Der Fokus des Vortrags liegt auf dem SPID-Algorithmus, den Hjelmvik und John entwickelten. Dieser Algorithmus inspiziert die Netzwerk-Protokolle mit statistischen Merkmalen. Die Ergebnisse der statistischen Analyse geben Aufschluss, wie man Protocol Obfuscation in Zukunft verbessern kann, um zu verhindern das Protokolle erkannt werden. Auf die folgenden Techniken zur Identifizierung von Netzwerk-Protokollen wird inhaltlich eingangen: Port-Nummern, Deep-Packet-Inspection, Maschinen-Lern-Algorithmen und der hybride Ansatz SPID. Alle Techniken werden nach den folgenden Anforderungen abgewogen. Erstens sollen Protokolle in naher Echtzeit erkannt werden. Zweitens soll eine möglichst robuste und sichere Erkennung von Protokollen möglich sein. Und Drittens soll die Technik auf leistungsarmer und kostengĂŒnstiger Hardware laufen. Nach der AbwĂ€gung werden die technischen Einzelheiten des SPID-Algorithmus erlĂ€utert und ausgewĂ€hlte statistische Merkmale beleuchtet. Diese bilden nachfolgend die Grundlage, um Protocol Obfuscation zu verbessern. Abschließend werden verschiedene Evaluierungs-Ergebnisse prĂ€sentiert.

Saal 3 20:30

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Bernd Sieker
"Spoilers, Reverse Green, DECEL!" or "What's it doing now?"


Getting the interfaces right to computers controlling complex and dangerous machines such as commercial airliners is crucial. I will present a successful accident analysis method and talk about interface design problems, ideas for solutions, methods for understanding causal control flow. There will be some spectacular aviation accident videos and stories of bad luck, bad design, bad decisions, and a hero that managed to turn a near-catastrophe into an accident without fatalities.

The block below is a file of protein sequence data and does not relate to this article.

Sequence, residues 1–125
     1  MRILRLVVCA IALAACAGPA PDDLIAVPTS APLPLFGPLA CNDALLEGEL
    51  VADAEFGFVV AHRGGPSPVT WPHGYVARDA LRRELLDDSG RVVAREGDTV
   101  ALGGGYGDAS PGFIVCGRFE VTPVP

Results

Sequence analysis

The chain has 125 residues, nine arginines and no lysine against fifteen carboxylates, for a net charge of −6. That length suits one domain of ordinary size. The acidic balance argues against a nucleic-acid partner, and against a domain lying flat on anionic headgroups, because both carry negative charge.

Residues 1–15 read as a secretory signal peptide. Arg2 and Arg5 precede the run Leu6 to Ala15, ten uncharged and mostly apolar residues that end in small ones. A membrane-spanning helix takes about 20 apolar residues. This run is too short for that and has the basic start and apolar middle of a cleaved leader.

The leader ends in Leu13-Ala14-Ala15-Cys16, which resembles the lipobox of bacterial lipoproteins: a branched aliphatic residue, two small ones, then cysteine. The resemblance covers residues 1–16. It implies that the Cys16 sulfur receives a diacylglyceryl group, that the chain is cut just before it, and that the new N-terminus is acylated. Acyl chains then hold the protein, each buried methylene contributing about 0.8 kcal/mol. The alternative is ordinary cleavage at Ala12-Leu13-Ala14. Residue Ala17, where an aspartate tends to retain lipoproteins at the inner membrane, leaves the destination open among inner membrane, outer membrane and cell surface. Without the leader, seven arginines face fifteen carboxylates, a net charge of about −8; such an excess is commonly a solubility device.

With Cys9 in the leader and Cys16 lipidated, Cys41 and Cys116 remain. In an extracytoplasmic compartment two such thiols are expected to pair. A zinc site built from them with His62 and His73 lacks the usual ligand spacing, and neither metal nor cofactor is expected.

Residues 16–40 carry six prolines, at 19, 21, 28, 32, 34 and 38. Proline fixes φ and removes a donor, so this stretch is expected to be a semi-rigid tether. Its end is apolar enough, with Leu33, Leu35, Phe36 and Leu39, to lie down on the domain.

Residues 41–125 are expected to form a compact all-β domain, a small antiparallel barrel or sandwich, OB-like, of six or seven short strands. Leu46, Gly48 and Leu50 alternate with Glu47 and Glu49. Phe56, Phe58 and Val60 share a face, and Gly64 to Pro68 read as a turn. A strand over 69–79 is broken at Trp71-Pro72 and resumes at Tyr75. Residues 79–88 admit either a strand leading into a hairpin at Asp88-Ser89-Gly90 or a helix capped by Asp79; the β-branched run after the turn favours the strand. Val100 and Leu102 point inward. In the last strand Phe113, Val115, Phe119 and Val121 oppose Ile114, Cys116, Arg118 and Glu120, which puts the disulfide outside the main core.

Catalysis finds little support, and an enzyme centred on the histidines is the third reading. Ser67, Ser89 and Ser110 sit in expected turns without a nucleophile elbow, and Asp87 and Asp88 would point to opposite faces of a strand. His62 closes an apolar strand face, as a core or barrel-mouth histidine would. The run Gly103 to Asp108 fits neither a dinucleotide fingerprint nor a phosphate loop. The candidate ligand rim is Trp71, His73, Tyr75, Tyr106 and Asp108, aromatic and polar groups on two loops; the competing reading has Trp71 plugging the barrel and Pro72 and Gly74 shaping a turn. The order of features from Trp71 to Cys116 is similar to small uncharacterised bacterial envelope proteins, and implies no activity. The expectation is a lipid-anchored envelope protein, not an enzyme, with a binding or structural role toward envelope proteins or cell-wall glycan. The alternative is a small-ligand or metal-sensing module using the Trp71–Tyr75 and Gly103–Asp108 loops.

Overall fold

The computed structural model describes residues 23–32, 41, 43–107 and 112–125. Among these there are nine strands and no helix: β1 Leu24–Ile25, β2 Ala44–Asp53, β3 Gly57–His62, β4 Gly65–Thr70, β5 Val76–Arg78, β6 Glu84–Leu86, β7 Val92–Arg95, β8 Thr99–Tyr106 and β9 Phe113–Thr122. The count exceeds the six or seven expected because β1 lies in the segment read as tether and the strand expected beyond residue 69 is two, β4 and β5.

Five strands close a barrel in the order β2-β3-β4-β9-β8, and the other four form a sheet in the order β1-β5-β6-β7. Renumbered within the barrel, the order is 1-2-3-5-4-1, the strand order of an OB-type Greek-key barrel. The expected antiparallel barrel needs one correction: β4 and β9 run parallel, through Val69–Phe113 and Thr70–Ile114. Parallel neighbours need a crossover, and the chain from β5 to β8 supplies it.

Getting the Interface right can be crucial. So does an understanding of the underlying logic, and knowledge of correct procedures when operating complex devices. Modern airliners are incredibly complex machines, no person can fully understand what is going on. This starts at simple things like fuel systems (e. g. the B777 has only two engines and three fuel tanks, how complicated can that be? Surprisingly so.) and goes on to autopilots, autothrottle systems, FADECs (Full Authority Digital Engine Control), Flight Management, Guidance and Envelope Computers (FMGEC), digital fly-by-wire systems, weight computations etc. Apart from the largely unsolved problems of how to create software for these systems that is demonstrably extremely reliable (in commercial aviation we're talking about probablities of dangerous failures of 1 in a billion flight hours: testing just won't do), there is the underrated question of getting the interface right. What to annunciate to the crew and when, and in which form? Some accidents and incidents are directly related to a flight crew being confused by the annunciations, or didn't know how to react properly to seemingly unrelated warnings. At other times, a pertinent and important warning is suppressed because another, ostensibly more important warning inhibited the other one. I'll be talking about some accidents that we have analysed using Why-Because-Analysis (see http://www.rvs.uni-bielefeld.de/research/WBA/) in which the interface and the automation played a role. I will also be talking about some design principles to guide interface design and interactive safety.

Saal 3 21:45

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Peter Franck
Data Recovery Techniques


Data recovery has always been an area of myths. This lecture will lift some of their covers.

* A short tour of recovery layers and techniques * "Talk to your Hard Drive!" - out-of-band interfaces * change the serial number of your HDD to your girl friend's name

Saal 3 23:00

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Ralf-Philipp Weinmann
The Hidden Nemesis


Want to persistently backdoor a laptop? Backdooring the BIOS is out of the question since your target can dump and diff it? Planting hardware is out of the question as well? Shhhhhhh.. I have something for you: